There is actually a field of study specific to this process: information systems. Learning organizational psychology is part of the discipline. Experienced developers know that they need to look at the functioning of the entire system, and that the people, processes, culture, politics, etc. are all part of that system, along with the network hardware, computers, applications, etc.
      • The best sources for how users use a system

        are the users.

        The failure Rotkapchen describes is a business analysis failure - failing to understand how the system will be used by the operational staff in the system's operational configuration and environment.

        You're right - business analysis is a major part of requirements analysis. Failing to connect the system's business need with the system's definition is a very good way to ensure program failure.
    • Knowing You're on the Side of Reality is the Trick

      Most insightful!


      That?s why so many organizations are so surprised when their IT initiative run counter to their operations. You think you got it all right. You can verify that your system does what you defined it to. But it doesn?t help in the field.

      And that?s when your dealing with the nitty-gritty details within a business process.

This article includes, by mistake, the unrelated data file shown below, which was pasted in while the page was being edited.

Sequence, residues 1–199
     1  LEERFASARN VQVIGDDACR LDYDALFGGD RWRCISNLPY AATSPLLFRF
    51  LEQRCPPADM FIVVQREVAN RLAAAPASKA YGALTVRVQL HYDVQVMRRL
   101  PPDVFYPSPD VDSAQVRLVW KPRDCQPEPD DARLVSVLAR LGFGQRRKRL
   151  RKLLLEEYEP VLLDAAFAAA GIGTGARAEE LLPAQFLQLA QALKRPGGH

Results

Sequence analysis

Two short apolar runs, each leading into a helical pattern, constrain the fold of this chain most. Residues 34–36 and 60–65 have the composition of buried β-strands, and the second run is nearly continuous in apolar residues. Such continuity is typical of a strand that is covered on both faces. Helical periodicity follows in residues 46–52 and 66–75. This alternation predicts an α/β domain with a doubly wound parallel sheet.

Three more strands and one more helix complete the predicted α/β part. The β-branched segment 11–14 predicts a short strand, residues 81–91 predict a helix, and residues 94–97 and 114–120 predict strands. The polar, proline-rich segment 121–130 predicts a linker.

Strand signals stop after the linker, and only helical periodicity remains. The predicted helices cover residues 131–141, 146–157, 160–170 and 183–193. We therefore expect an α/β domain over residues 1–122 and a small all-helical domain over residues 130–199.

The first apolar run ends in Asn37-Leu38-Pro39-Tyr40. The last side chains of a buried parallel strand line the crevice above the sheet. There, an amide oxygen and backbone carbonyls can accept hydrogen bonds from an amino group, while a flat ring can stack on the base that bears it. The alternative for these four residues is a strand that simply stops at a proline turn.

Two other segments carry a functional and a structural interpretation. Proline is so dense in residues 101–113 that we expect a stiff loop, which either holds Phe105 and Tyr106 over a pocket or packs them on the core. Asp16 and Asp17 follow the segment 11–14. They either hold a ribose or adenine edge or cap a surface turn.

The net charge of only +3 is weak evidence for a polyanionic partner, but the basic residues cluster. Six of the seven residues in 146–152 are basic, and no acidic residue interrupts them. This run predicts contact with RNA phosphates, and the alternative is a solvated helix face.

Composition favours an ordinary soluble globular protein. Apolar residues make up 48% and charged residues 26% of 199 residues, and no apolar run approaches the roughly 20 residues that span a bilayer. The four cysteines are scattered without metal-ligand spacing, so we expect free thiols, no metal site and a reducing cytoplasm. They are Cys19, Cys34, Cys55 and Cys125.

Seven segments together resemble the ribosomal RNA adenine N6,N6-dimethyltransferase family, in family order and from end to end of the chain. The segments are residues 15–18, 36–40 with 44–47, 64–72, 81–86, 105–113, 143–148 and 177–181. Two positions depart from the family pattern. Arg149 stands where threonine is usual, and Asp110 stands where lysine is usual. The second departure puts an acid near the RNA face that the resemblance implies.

What kinds of assumptions and expectations go wrong upstream from that?

      That?s why is so helpful to have a third-party who can question assumptions during the "we need a miracle stage" or the capture or re-evaluation of business process stage.
      • A few root causes

        Re: "[i]What kinds of assumptions and expectations go wrong upstream from that

        1) Systems architecture failing to provide a clear, complete, and correct concept of operations that follows from the business mission statement and the system business case.

        2) Systems engineering failing to perform adequate business analysis and requirements analysis.

        Project management or customers can be a root cause in not allowing enough time for thorough requirements analysis.

        Excellent requirements analysis is the top strength of Praxis High Integrity Systems, but they admit this requires a lot of customer management. Customers who start clamoring for "when can I see something" need to be persuaded that rushing into something less than half-baked is not in the customers' best interests.

        You can see this impatience in video game developer forums with kids who start screaming for the next mission pack just 1 day after the last one.